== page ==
he almost certainly funds FARC and other leftist paramilitaries in Colombia
And Saddam Hussein “almost certainly” had WMDS in Iraq, right? What bullshit! If you believe this (I assume you are not being deliberately misleading), it could only be because people keep repeating this lie. This. Ends. Now.
There is zero evidence to support the claim that Chavez “funds FARC and other leftist paramilitaries in Colombia”. The claim was made in 2008 by former Colombian President Uribe–an autocrat in his own right, with his own alleged connections to rightwing paramilitaries in his country–after years of tense relations between Colombia and Venezuela (relations which I tried to summarize in this post from a month ago), but never confirmed/verified.
If Chavez is funding FARC (against whom Colombia has been fighting a decades-long (since 1964) civil war), don’t you find it strange that the current Colombian President, Juan Santos, calls Chavez “my new best friend”?
The claim is “almost certainly” not true. Consider Venezuela’s response to a recent FARC attack in Colombia:
[Colombian President Juan Santos] said in a brief televised appearance that [Venezuelan President Hugo] Chavez told him he had sent two army brigades to the border. “The brigades have clear instructions to try to find these FARC bandits. And if they do they are going to capture them, and if they resist they will use their weapons,” Santos said. “Those are the instructions that President Chavez gave, to fire on them.”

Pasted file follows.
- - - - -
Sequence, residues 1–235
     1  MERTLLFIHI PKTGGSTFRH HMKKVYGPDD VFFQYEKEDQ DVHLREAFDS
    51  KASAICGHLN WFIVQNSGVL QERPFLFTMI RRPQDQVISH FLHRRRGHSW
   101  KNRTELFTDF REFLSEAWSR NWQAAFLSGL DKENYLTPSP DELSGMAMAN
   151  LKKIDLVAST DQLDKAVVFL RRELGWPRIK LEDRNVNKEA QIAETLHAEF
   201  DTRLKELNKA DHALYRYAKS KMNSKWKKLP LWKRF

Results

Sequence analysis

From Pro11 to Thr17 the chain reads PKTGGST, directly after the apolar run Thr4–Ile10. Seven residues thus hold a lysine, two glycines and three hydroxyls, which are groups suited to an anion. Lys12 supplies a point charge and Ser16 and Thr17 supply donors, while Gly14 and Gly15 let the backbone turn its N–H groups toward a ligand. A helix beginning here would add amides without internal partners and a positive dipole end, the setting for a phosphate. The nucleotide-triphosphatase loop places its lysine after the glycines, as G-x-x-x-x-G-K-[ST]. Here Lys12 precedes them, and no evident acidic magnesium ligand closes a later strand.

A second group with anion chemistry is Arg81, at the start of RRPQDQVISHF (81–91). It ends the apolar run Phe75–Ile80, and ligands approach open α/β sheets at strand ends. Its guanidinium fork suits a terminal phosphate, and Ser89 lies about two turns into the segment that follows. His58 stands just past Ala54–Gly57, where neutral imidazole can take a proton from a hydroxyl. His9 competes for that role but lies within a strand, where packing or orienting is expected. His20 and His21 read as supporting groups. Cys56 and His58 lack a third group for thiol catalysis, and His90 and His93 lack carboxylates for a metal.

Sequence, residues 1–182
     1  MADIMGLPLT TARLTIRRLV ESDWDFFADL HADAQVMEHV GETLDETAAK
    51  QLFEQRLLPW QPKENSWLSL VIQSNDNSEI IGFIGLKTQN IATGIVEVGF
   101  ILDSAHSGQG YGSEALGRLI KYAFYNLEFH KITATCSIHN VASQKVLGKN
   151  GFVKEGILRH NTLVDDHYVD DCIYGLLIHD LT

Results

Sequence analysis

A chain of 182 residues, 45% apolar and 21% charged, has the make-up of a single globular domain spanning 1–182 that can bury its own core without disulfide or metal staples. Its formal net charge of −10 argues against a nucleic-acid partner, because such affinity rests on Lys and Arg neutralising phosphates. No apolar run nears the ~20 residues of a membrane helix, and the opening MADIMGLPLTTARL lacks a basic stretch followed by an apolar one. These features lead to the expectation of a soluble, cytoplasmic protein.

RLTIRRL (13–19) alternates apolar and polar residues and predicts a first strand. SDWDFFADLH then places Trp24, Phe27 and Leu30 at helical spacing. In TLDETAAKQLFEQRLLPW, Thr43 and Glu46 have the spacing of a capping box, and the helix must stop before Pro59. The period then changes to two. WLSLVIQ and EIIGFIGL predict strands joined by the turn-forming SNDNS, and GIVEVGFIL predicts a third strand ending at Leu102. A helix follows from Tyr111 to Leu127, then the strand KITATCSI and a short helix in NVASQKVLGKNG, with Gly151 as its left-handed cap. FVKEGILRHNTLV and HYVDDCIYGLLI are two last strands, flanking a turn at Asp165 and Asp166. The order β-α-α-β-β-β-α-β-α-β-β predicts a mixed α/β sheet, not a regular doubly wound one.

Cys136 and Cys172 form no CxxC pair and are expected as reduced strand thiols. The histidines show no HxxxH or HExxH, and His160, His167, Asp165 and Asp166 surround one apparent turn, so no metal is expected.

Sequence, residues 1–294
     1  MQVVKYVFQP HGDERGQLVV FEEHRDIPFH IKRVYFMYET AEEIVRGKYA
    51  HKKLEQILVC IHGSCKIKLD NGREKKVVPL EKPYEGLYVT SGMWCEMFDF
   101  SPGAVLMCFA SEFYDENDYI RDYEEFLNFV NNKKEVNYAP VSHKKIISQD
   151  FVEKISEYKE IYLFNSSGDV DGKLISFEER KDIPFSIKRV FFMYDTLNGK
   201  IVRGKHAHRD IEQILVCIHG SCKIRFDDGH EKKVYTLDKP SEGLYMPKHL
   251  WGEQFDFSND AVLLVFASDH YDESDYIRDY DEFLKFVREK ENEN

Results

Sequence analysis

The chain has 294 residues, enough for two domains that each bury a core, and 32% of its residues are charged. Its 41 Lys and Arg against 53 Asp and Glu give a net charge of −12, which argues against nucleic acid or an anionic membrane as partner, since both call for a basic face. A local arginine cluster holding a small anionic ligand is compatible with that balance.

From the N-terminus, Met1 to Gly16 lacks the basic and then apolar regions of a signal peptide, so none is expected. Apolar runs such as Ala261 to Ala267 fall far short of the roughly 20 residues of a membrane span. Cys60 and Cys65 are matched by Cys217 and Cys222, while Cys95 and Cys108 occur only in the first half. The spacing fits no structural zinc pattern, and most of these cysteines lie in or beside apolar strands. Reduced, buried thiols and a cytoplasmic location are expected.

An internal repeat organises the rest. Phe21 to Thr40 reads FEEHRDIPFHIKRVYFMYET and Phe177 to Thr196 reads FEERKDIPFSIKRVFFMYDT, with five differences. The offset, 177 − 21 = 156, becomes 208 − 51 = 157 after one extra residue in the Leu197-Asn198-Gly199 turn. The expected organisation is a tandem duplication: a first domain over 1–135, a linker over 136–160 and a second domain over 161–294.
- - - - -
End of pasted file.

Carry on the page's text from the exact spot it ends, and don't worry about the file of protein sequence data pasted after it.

I don’t know why your friend thinks Chavez is “on his way out”. There isn’t a shred of evidence to support this. Most opinion polls show Chavez leading the opposition candidate by double-digits. >“His power and influence has been weakening over the last 14 years”. How does one measure “power and influence”, exactly? Yes, the opposition coalition has gained seats in the National Assembly. But Chavez continues to enjoy a 62% approval rating! Since Chavez shares power with the opposition, he cannot be called a tyrant. And the opinion polls suggest the Venezuelan people are about to re-elect him. Yet your friend claims that he’s “about to be ousted for being a tyrant and an embarrassment to the people of Venezuela”. by a coup?
Venezuela has held thirteen nationwide elections or referenda since 1998. President Chavez and his supporters have won twelve of them. He has been and continues to be a hugely popular leader–this is just fact. In 2007, for the first time in nine years, Chavez was handed his first electoral defeat when his constitutional referendum (to amend the 1999 Constitution) was narrowly defeated (50.7% to 49.3%). He conceded the loss. In 2010, the mainstream media published numerous articles reporting the results of surveys and opinion polls showing a small decline in the President’s popularity rating from what it was once (at 70 percent in 2005). Since then, Chavez’s popularity rose back up from 43% in Spring 2010 to 59% in Fall 2011. Most recent polling shows his popularity remains unchanged, at 60%. A few mainstream news outlets have reported this surge. This year’s presidential election will be held on October 7. Most opinion polls show Chavez leading the opposition candidate by double-digits. I agree “you wouldn’t know it…” unless you kept an eye out for this data…. Anyway, I just thought it was worth sharing these numbers….
If anyone’s curious, [here's an excellent Chavez campaign video](http://www.youtube.com/watch?feature=player_embedded&v=TRV7YIm1sts#!).